Hansen: Canyon is its own world

September 21, 2011|By David Hansen
(Courtesy David…)

There is an underbelly to Laguna Beach, disconnected from the glitz and grazing plates of Coast Highway. Unlike downtown, it's a place that doesn't pose or preen or gossip.

It's Laguna Canyon, filled with rusting trucks and welding tools; oil and grit and mountain bikes; bobcats, rattlesnakes and stray dogs.

It's an ancient, two-sided natural corridor: One side of the street is undeveloped with scrappy open space; the other is off-kilter, unbalanced, like a driver's side sunburn on one arm.

Speckled like an exotic fruit, you want to experience it because you consider yourself adventurous and cosmopolitan, but you're also a little afraid. You've seen "Deliverance."

Indeed, if there were a police bust on a meth lab, it would be in the canyon.

As it happens, there have been drug issues — going back to Timothy Leary — and perpetual mayhem: raids on homeless camps, protests and devastating fires and floods.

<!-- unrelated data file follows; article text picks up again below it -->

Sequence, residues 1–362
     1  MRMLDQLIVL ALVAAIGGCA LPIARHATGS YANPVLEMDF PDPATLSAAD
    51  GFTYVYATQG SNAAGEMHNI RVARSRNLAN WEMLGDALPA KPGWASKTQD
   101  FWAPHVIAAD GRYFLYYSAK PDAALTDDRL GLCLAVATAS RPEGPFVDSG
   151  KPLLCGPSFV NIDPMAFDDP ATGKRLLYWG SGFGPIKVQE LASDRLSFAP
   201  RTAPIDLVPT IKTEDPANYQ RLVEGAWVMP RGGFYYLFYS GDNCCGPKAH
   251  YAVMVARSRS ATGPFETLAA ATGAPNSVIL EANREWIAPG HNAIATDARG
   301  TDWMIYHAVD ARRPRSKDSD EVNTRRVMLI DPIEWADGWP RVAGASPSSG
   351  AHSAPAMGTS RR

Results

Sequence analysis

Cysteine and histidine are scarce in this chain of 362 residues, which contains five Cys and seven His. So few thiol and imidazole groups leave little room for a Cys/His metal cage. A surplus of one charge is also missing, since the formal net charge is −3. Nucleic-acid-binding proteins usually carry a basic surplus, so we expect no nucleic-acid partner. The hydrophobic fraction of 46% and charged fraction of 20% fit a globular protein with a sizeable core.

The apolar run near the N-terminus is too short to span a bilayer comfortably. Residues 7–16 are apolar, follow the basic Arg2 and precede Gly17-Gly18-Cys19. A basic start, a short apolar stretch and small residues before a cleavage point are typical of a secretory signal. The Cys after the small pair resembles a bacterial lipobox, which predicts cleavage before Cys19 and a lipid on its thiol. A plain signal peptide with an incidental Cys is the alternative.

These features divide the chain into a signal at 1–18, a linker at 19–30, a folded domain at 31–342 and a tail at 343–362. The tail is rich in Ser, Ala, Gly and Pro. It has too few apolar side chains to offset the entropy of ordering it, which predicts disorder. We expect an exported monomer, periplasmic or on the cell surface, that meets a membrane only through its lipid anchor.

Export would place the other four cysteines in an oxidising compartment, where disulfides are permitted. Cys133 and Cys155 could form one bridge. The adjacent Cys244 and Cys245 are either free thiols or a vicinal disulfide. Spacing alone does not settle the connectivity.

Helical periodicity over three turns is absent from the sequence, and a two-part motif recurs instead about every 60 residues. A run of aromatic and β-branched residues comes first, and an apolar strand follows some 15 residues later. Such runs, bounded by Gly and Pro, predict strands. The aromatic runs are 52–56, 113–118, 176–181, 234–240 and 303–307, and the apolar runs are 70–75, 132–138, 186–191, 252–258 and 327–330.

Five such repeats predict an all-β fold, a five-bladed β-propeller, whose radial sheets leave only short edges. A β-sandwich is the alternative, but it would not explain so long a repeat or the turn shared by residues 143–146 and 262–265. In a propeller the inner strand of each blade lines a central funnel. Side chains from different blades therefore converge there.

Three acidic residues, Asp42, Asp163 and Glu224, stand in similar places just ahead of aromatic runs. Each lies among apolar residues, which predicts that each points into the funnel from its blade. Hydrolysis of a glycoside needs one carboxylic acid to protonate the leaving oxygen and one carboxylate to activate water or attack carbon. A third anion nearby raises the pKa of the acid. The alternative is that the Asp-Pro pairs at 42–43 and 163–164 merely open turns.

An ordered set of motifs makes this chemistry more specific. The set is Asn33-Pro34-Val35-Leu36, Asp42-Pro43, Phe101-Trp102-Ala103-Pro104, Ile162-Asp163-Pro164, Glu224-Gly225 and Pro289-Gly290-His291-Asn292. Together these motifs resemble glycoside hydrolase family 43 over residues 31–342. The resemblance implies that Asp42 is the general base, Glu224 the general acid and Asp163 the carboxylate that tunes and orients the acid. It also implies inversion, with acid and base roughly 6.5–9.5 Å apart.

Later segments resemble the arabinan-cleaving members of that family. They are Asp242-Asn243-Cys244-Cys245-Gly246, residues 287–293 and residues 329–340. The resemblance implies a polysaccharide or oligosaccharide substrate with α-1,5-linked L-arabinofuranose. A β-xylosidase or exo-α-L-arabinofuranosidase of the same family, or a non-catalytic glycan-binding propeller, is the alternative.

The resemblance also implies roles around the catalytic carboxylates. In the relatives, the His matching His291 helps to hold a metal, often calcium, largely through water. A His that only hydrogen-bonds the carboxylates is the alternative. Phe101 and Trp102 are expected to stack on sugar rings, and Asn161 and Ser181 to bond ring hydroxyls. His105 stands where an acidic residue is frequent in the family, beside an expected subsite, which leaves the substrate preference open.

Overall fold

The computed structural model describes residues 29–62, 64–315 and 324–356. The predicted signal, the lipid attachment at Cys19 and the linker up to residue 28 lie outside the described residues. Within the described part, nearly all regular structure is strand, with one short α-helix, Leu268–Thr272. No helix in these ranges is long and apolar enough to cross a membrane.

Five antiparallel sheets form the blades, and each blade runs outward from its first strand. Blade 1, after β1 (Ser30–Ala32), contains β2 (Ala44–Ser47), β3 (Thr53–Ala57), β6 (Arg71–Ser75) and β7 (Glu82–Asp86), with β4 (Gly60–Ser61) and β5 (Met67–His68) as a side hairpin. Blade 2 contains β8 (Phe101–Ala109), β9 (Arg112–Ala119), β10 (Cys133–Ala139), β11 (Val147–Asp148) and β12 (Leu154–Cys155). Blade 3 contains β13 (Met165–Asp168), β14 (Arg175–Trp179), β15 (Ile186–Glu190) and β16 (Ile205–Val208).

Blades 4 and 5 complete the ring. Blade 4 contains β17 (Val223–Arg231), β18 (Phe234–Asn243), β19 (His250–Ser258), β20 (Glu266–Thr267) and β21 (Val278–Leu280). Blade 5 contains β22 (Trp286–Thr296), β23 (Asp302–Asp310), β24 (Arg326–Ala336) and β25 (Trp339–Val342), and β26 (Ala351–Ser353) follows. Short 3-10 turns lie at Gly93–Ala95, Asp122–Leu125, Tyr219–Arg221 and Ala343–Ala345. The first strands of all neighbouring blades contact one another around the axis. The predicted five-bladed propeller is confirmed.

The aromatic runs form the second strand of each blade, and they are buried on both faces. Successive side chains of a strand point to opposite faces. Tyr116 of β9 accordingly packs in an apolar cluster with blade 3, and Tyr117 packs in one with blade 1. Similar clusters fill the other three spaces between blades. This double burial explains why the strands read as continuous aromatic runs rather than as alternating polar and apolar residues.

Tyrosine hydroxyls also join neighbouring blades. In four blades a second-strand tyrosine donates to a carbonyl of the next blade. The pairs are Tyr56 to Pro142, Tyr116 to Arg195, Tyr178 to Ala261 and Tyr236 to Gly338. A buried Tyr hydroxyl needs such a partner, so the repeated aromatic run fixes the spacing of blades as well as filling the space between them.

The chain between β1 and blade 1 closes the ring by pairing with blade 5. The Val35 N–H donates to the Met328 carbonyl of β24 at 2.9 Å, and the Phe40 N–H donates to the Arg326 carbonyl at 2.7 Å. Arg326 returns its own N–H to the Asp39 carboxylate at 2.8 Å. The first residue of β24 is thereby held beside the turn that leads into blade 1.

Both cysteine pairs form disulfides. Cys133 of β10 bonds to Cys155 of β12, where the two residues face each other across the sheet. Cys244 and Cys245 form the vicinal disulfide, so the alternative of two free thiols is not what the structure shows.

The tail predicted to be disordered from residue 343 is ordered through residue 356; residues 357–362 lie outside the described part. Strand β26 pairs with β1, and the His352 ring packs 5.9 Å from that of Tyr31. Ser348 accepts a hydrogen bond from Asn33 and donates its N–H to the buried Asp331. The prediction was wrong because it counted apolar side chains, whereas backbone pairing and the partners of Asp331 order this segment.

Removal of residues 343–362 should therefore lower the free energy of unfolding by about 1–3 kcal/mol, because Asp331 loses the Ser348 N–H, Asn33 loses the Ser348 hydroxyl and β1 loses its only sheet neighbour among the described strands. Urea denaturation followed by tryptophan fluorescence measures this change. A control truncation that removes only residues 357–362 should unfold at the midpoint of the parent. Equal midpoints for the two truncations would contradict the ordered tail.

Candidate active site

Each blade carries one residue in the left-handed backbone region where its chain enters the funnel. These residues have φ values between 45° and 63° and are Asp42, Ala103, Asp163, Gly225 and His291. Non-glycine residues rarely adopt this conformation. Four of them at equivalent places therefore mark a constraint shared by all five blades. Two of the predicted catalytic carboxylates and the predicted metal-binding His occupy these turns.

But it's also a tight-knit community of can-do craftsmen, artisans and laborers. If Coast Highway is San Francisco, then Laguna Canyon is Oakland.

Inexplicably, it starts with Santa's Workshop, the red-and-white shack that during Christmas sits proudly on Forest Avenue, but for the remainder of the year, sits plopped in the city parking lot at the foot of Laguna Canyon. It's stored in plain site like some unwanted, recycled gift.

There is little respect for the canyon, really. It's a planner's nightmare, pocked with grandfather zoning clauses and mixed uses. Prior to annexation in 1989, the area was left alone — literally.

County building inspectors rarely came to the canyon, so well into the 1960s residents built homes, additions, terraces and pot farms without consulting building or safety codes.

"The history of the canyon has been colorful and dramatic," according to city historical zoning documents. "Its residents and property owners accept its eclectic land use pattern and somewhat rural lifestyle. They appreciate the diversity and uniqueness of where they live and wish to preserve it."

The outcome now is a rich diversity of utilitarian shops and home-based businesses. If you can get beyond the dust and handmade signs, you'll find your way to more amazing shops in the canyon than the whole of Laguna.

Where else can you find exotic Japanese fish and rainbow peacocks; Alcoholics Anonymous and Jehovah's Witnesses; a winery and a mortuary?

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